The Supreme Court today held that the Second Amendment -- as recently redefined in D.C. v. Heller , in which the Court overturned D.C.'s handgun ban -- applies to the states, not just the federal government. Heller made this decision inevitable, so the only suspense with today's ruling was with respect to 1) the size of the majority and 2) what rationale the justices would use to "incorporate" the Second Amendment. The Court -- with the same 5-to-4 lineup as Heller -- chose to incorporate the Second Amendment through the due-process clause of the 14th Amendment rather than through the "privileges and immunities" clause.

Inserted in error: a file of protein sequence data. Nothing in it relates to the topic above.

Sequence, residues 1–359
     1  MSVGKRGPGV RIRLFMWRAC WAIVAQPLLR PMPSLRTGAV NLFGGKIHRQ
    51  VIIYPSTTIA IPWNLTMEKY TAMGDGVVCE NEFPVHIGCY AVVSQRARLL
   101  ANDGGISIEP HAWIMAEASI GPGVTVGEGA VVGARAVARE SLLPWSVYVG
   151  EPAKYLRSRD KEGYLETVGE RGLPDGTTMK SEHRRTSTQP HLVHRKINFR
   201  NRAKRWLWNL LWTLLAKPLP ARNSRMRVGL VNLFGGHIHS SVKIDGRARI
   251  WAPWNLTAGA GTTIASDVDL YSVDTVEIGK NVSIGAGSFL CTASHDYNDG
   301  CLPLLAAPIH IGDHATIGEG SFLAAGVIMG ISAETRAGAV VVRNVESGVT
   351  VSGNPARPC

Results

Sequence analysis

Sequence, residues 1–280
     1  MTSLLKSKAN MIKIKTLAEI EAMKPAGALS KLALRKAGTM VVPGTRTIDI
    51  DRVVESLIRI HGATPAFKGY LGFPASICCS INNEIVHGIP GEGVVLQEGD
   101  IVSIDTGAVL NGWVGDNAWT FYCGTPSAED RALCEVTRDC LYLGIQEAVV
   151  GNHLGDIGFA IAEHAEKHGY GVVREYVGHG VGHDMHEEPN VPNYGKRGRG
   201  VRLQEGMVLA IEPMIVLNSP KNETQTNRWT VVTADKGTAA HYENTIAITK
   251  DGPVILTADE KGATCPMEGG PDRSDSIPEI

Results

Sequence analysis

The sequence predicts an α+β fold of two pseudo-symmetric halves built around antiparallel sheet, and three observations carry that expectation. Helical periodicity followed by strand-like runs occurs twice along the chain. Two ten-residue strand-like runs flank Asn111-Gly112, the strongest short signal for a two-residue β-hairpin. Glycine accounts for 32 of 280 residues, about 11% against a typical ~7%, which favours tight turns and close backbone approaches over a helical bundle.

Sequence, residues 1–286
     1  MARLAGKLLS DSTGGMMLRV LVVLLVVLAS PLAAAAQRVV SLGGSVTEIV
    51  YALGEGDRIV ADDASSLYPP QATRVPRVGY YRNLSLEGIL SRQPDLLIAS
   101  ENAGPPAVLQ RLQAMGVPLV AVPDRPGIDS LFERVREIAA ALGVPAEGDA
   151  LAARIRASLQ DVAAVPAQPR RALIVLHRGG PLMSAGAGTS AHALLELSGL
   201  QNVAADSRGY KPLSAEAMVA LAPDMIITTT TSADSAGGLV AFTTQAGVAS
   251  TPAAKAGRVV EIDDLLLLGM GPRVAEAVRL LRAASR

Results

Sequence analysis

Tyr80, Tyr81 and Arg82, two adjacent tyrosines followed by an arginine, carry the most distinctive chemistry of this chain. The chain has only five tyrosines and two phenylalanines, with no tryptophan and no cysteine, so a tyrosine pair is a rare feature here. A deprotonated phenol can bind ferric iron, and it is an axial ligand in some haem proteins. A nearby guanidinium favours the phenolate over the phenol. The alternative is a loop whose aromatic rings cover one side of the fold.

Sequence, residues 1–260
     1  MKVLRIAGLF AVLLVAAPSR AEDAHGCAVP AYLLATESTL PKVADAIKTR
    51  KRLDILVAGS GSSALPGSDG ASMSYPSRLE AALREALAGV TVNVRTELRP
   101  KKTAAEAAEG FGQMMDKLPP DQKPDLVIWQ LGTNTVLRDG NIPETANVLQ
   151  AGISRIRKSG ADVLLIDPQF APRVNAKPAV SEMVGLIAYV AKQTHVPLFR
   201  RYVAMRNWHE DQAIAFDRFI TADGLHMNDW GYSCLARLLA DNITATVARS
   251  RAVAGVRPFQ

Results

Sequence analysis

To briefly explain what's at stake here: The Supreme Court essentially eviscerated the recently enacted 14th Amendment in the 1873 Slaughterhouse Cases, and in particular gave the "privileges and immunities" clause an implausibly narrow meaning. (As one of the dissenters noted, if the 14th Amendment meant what a bare majority of the Court claimed, "it was a vain and idle enactment, which accomplished nothing and most unnecessarily excited Congress and the people on its passage.") And while the due-process clause has been revived in the 20th century -- first as a vehicle for now-discredited property-rights opinions, and then as a means of incorporating most of the Bill of Rights and protecting unenumerated rights in cases such as Roe v. Wade and Lawrence v. Texas -- the privileges and immunities clause has remained an empty shell, protecting only a narrow set of pre-Civil-War rights such as the right to travel.